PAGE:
Source: Militant, No. 13 (February 1966)
Transcription: Francesco 2009
Markup: Niklas 2009
The British economy grew by the miserable figure of 2 percent in 1965, and according to the latest forecast of the economic experts will only grow by the same miserable figure, at best, in 1966. Thus the economy manifests the same disease of virtual stagnation as under the Tories.
The measures that Wilson has taken, under the pressure of the bankers and industrialists, have also been virtually the same stop-go financial and economic policies that ended so disastrously in the balance of payments crisis. Following on the demands of big business, government expenditure on “wasteful” social services was slashed. Housing, hospitals, schools, education, roads and other social services have all suffered cuts. In addition the raising of the bank rate while benefiting the bankers, places a crushing burden on councils attempting to try and cope with the needs of housing their constituents.
Now for this year Wilson is prescribing more of the same medicine. At a time when the steel industry is complacently expecting a drop of something like 2 million tons in production, and other industries are similarly placed, Wilson declared in his speech of January 10th: “In the months that lie ahead, we shall see whether the British people are prepared to assert the qualities that are needed—qualities of effort and ingenuity, of restraint and self-discipline, of unselfishness, of willingness to surrender selfish sectional interest to the call of a greater national and social interest.” There would be no let up in the credit squeeze. Then he added for good measure: “Outmoded relics (so called restrictive practices) of trade depression must be attacked where they hold back production”.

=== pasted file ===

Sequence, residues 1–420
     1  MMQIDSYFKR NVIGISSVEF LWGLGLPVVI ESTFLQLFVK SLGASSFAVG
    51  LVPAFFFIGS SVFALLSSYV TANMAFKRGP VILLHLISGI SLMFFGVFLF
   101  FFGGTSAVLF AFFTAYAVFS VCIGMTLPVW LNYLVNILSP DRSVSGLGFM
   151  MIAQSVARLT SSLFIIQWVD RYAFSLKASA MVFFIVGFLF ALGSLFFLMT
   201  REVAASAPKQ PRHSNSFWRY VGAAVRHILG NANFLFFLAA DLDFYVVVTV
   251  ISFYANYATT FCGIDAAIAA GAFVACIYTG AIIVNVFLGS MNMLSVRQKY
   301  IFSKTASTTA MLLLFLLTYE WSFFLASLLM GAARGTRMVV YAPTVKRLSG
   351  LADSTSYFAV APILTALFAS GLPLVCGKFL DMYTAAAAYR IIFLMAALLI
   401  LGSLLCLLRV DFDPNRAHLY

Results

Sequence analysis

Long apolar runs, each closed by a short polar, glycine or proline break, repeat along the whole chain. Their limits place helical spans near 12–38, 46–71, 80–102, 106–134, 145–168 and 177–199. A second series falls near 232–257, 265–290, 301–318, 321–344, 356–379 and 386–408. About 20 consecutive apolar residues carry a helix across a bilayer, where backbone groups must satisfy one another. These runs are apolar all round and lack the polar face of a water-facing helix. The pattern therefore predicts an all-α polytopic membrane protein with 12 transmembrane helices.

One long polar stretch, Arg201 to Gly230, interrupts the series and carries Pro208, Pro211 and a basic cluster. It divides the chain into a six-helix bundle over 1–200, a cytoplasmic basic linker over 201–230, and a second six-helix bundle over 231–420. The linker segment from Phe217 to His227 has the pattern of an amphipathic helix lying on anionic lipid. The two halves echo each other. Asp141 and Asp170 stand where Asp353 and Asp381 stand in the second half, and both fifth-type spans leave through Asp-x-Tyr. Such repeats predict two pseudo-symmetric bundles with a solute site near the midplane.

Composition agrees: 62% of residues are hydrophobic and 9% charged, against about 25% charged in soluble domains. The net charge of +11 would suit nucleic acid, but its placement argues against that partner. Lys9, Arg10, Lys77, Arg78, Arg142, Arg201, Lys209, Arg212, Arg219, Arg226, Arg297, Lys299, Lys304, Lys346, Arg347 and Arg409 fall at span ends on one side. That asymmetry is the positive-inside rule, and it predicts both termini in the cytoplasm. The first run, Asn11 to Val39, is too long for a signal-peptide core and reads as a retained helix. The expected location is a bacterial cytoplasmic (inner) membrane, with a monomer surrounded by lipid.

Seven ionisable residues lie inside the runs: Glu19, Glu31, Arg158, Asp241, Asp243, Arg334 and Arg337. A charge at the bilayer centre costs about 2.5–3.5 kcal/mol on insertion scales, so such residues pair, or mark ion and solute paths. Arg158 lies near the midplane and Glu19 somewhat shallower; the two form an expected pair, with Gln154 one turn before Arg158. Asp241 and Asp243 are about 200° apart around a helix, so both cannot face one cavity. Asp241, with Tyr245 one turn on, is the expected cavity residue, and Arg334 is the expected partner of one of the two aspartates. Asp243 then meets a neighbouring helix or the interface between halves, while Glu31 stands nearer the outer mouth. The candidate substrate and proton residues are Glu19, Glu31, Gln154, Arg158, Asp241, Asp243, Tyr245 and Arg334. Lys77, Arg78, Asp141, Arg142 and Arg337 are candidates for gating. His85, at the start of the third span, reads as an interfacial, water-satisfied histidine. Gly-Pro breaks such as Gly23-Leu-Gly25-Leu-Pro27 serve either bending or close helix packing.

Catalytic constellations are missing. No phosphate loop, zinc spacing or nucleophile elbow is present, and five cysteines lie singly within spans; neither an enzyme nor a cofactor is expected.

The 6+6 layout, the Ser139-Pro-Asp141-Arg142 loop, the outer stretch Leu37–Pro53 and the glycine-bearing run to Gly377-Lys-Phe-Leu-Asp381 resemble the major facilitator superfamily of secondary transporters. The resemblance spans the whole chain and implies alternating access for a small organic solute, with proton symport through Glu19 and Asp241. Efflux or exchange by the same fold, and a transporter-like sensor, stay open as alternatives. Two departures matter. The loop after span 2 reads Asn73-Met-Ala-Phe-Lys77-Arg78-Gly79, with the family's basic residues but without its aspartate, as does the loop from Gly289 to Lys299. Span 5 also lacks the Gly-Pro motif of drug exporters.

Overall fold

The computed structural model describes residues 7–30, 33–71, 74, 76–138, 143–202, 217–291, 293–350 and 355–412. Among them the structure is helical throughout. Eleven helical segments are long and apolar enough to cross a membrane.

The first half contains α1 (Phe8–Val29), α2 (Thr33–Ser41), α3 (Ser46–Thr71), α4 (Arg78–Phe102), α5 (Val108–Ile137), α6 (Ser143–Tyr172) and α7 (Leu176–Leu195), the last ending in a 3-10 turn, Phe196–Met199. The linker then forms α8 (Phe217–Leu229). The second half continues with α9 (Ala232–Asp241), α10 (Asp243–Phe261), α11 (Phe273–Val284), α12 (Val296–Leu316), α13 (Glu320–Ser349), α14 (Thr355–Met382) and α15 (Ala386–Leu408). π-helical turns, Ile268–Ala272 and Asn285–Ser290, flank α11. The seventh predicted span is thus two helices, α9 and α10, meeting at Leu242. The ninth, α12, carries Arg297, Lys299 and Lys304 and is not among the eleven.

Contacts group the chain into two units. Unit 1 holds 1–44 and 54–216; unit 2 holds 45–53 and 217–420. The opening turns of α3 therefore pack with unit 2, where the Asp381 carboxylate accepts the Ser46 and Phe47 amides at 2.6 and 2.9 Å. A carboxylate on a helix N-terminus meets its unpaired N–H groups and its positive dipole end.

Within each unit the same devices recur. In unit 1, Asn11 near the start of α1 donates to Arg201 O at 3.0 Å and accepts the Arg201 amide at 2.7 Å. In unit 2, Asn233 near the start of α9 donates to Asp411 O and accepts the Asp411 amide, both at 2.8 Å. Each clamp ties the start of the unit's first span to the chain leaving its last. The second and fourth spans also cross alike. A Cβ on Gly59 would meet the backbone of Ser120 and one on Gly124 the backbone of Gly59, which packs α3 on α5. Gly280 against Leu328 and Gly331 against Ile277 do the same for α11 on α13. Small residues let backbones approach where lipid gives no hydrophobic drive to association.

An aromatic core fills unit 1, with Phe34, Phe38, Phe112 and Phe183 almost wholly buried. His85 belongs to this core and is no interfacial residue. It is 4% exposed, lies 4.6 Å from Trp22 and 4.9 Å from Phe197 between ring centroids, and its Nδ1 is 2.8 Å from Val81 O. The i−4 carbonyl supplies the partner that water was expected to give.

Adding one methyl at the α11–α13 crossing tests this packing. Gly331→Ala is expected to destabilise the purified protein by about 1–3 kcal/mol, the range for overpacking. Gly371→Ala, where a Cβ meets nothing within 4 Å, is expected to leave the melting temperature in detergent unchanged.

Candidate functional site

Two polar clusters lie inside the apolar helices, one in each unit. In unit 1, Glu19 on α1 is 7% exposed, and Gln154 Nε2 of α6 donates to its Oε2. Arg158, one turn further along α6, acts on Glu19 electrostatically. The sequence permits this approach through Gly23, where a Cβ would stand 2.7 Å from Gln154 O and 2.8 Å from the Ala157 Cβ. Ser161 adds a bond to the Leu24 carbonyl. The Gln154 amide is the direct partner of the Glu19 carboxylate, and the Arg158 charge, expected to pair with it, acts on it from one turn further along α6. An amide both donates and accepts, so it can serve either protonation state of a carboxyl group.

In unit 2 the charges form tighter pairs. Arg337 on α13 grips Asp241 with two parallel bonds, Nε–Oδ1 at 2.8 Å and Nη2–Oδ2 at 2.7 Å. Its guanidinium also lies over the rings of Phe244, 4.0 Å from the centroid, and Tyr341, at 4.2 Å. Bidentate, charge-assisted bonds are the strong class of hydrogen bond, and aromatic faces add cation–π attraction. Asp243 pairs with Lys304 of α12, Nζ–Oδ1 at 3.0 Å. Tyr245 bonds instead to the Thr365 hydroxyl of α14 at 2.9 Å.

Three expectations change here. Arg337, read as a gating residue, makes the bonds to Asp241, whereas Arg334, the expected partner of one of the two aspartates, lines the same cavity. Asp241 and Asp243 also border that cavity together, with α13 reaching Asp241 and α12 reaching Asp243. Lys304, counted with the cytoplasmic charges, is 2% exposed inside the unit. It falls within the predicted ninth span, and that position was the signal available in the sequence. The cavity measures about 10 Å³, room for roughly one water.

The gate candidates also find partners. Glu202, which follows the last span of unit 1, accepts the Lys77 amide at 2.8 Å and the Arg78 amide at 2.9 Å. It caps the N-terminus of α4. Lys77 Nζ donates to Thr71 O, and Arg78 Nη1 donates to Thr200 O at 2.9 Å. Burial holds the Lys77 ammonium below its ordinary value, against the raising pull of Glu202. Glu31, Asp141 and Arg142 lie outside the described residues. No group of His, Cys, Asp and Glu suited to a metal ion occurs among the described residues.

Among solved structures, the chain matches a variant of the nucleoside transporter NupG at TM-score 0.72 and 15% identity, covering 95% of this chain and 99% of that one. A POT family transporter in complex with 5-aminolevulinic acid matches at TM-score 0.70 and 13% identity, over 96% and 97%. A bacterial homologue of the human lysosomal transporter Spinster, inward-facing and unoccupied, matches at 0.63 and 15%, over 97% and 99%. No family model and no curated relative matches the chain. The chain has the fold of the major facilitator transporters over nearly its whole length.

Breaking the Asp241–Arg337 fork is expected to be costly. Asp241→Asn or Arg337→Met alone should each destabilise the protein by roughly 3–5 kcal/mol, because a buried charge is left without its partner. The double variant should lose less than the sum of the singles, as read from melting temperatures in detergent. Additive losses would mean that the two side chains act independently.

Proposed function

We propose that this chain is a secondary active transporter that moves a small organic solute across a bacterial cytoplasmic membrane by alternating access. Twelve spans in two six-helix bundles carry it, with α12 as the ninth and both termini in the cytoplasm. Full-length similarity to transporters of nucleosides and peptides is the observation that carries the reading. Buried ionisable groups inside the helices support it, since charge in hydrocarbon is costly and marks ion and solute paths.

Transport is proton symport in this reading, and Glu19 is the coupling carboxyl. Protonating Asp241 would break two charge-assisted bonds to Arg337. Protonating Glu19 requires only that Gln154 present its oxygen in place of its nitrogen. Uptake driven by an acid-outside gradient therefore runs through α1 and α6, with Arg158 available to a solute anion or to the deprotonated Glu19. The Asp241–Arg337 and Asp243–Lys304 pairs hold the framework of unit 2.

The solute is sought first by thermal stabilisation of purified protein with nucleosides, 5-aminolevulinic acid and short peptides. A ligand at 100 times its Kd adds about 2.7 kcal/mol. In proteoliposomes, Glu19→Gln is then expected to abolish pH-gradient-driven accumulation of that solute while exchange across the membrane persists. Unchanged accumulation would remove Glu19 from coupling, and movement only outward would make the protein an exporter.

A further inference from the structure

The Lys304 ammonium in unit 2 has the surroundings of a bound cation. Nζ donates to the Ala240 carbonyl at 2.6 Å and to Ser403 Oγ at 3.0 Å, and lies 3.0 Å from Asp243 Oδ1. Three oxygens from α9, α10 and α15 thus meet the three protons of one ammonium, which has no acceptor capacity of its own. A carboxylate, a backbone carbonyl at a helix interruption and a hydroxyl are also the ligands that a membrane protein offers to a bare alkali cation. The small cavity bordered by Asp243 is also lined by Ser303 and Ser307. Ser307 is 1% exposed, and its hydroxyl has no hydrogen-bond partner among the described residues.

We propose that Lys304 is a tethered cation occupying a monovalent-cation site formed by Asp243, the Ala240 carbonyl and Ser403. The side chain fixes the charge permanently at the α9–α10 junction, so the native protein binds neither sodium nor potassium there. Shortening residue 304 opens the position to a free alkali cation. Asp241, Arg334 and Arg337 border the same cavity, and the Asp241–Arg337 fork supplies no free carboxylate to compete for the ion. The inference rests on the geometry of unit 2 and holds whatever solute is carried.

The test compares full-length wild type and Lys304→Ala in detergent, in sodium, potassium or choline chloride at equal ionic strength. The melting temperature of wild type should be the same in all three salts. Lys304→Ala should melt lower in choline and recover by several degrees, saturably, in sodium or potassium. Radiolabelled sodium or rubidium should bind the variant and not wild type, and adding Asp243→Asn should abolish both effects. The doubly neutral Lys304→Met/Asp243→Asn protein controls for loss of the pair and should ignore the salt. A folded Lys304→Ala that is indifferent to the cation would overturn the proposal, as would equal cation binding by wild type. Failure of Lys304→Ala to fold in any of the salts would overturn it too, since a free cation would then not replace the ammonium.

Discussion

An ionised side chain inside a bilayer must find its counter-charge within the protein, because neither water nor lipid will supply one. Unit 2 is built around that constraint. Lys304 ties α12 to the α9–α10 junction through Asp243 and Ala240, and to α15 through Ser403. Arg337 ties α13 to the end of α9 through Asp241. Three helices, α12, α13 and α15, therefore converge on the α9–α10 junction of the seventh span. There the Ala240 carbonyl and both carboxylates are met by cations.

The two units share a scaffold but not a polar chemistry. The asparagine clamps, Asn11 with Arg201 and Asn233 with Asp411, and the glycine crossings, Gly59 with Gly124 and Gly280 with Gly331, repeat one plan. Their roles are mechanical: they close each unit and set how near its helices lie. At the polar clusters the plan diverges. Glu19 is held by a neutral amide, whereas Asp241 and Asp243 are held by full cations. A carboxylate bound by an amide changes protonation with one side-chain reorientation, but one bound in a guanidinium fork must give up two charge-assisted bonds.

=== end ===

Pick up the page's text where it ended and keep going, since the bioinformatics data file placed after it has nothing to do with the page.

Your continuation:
Apart from the stick, carrots were also to be offered—“new proposals for stimulating industrial investment and regional development.”
Such a speech could as easily have come from Churchill or Macmillan had they been in power now. For what is the meaning of the speech? For the workers, “sacrifices” of cherished rights fought for and won over generations of struggle by the trade union and Labour movement. That is the meaning of the attempt to restrict wage increases by the prices and incomes board. The railwaymen have just had a taste of the bitter dish that is being cooked up for them by the government, to the applause of the financiers and industrialists. For the capitalists there is to be a new programme of lavish grants to try and persuade them to “modernise” their equipment. For the workers more effort, for the capitalists more inducements. Quite a pleasant division of tasks…if one is a capitalist!
Meanwhile the prices and incomes board has failed entirely in the attempt to keep down prices. Even the price of bread has risen by 1 d. for a large loaf. This will hit the poorest and most wretched part of the population, to whom bread is a staple of their diet. The Financial Times and other journals of finance-capital are all demanding further drastic action to keep down wages. In its issue of 31st December last the above-mentioned journal demanded that “…all wage settlements (should be) subject to approval by a wages court which would take the national interest fully into account.”
Wilson’s principle that all “sectional interests” must be cast aside thus apparently has their warm support, when it is applied, as intended, to the trade unions and the working class.
The measures announced by Wilson benefit businessmen, especially the monopolies and big business. Yet see how these gentlemen react at the merest suggestion of an encroachment on their entrenched interests and privileges. Mr. John Davies, secretary of the Confederation of British Industry, declared at the suggestion that the nationalised industries might be allowed to extend their field of operation: